Through a fresh and original approach, Call the Bluff reveals the unsubstantial, the unreality, the vacuum, and the pantomime.
    Paintings, drawings, and sketches are accompanied by an installation of ceramics by Japanese artist Toshiaki Noda.

    About the artist:
    Beatrice Scaccia was born in Veroli, Frosinone in 1978. She studied and taught in Rome, at the Academy of Arts, before moving to New York in 2011. She has worked as painter at Jeff Koons Studio. Her work has been the subject of solo shows in the United States and abroad. She has also been included in some group exhibitions at institutions and museums internationally, such as the National Cultural Institute, Seoul; The Crocetti Foundation, Rome; the Pan Museum, Naples, the Palaexpo, Rome and the Golden Thread, Belfast. She currently lives and works in New York.

    About Cara Gallery:
    Founded by siblings Irene and Marco Cassina, the two seek to promote a more global art awareness.

    The young and vibrant team offers up a fresh perspective on the art world.
    Hailing from Milan, Italy, the founders have experienced life and work around the world. They share the goal of fostering a more global discourse amongst art world denizens.

    The gallery is committed to seek out and support an ongoing intellectual and visual dialogue with contemporary artists. Presenting a wide variety of media, including painting, drawing, installation, photography and sculpture, the criteria need be solely work that is strong, engaging and relevant.

  • Events: Reports

    Eataly’s New Rooftop Will Bring You to the Italian Riviera

    “We want to tell you a story. One with the carefree vibe of vacationing on the Italian Riviera. We start in Rimini and Riccione, then travel up and down Italy’s beautiful coasts. Amalfi. Cinque Terre. Porto Ercole. Cilento. And we do it Eataly-style, bringing a fresh summery Italian vibe to our rooftop.”

    With those picturesque words, Nicola Farinetti, CEO of Eataly USA, describes his latest project 
    to open on Fifth Avenue. After the success of Baita (Italian for “Lodge”) this winter, the Eataly team is now replicating the Italian coast—north and south—with Sabbia (or Sand), built to resemble the beaches of the BelPaese.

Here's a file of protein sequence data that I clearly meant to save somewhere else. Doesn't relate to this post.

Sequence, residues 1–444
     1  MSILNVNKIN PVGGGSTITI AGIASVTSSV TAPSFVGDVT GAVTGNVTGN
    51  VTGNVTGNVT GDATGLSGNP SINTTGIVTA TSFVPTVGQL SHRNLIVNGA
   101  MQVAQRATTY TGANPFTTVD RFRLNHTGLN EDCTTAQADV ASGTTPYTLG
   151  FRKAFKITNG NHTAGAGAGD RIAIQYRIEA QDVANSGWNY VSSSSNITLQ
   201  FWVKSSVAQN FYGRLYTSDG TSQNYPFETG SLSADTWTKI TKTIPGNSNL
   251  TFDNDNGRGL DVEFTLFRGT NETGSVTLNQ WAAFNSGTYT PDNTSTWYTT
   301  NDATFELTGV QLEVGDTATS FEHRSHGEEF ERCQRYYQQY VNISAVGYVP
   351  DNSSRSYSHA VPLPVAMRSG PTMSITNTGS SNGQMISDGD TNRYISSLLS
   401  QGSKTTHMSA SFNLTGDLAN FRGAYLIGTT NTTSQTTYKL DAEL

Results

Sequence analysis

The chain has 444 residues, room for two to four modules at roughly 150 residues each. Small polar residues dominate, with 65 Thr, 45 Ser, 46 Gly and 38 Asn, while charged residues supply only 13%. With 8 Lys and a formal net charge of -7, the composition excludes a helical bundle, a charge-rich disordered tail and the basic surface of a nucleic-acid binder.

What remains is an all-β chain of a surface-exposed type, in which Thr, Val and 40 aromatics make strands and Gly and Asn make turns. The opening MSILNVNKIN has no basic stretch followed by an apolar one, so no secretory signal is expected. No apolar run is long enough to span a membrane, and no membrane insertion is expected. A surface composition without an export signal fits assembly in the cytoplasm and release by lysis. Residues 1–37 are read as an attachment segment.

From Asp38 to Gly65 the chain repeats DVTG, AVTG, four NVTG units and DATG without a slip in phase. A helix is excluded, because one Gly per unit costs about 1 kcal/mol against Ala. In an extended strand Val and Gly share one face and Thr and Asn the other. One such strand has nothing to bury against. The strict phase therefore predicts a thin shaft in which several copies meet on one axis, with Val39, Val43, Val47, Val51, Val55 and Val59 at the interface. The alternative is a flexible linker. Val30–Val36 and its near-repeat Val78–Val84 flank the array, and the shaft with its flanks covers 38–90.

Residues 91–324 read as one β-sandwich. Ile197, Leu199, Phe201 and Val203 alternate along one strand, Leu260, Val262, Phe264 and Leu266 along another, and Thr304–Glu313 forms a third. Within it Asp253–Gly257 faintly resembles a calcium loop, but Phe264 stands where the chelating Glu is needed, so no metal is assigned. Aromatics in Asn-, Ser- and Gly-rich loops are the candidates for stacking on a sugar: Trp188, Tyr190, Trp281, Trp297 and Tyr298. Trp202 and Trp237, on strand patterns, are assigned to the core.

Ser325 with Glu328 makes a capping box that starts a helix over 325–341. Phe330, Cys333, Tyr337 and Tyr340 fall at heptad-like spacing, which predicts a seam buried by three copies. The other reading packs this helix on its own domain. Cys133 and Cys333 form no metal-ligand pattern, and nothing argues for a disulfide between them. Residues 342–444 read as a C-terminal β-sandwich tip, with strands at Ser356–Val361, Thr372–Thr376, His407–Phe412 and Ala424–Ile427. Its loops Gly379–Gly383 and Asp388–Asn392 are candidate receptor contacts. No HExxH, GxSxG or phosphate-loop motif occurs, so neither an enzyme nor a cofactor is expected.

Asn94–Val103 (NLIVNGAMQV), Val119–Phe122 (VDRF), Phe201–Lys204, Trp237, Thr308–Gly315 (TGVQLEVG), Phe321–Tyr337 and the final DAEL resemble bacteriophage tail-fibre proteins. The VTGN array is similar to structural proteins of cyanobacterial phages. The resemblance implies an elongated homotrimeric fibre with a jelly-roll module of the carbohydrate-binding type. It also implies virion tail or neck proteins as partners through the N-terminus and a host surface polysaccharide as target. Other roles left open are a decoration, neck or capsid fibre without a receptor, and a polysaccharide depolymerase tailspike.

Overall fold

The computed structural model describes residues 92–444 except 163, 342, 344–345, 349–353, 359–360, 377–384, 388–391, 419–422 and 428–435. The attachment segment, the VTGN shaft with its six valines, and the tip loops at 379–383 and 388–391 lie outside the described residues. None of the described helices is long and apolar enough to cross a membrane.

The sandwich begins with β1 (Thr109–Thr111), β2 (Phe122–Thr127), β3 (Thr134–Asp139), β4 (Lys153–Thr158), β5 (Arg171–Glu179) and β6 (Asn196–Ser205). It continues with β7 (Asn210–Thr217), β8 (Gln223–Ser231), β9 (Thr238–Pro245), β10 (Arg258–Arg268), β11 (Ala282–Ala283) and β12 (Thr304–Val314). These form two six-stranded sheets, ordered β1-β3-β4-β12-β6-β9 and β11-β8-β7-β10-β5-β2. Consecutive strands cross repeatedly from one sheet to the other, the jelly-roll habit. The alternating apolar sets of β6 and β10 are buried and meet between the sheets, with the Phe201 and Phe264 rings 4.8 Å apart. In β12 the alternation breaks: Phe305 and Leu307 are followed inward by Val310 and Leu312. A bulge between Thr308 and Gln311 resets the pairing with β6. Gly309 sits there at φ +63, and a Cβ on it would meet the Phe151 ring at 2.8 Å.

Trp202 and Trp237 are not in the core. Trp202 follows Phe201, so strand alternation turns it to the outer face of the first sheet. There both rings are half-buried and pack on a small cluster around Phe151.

Hang out in one of its many “cabanas” and enjoy a carefully crafted menu showcasing piadine from the Romagna region and delicious appetizers like fish skewers and fresh fruit.

    The wine list is extensive, as is their list of colorful, summery cocktails, perfect for a day at the beach. Or on top of 5th Avenue. Bubbles abound too. Not just prosecco but high quality Italian sparkling wines like Ferrari. The whole affair has a playful, ironic feel. As Farinetti says, “It’s something we’re doing for ourselves, to tap into the creativity of our young team, which enjoys constructing, inventing, creating things.”.

    With Executive Chef Fitz Tallon at the helm, the menu will feature delicious, easy-to-eat coastal fare that celebrate both land and sea, includingGamberetti alla Bagnara (seared shrimp with bagnara sauce); Penne allo Scoglio (Afeltra penne with squid, shrimp, Manila clams, and white wine);Bombette (grilled steak stuffed with Caciocavallo); and Pesce Spada allo Beccafico (grilled swordfish with breadcrumbs, garlic, onions, Parmigiano Reggiano, currants, green olives, parsley, and lemon).

    We will also be partnering with Island Creek Oysters, a sustainable oyster farm anchored in Duxbury Bay, Mass., for an amazing oyster bar set up on the deck of SABBIA, where the oyster-shucking action in their signature ice-filled boat will heighten the coastal theme of the space.

    The full drink menu will feature a sea-worthy selection of 12 specialty cocktails and non-alcoholic refreshments, as well as an extensive selection of over more than 50 beers and wines. Signature drinks include the Hoppy Hour, made with Absolute Citron Vodka, fresh carrot juice, ginger honey, and lemon; the Limone-Jito, made with Kraken Spiced Rum, Meletti Limoncello, passion fruit puree, lime, and mint; and the Pesca Fresca, made with peach puree, rosemary, lemon, and sparkling water.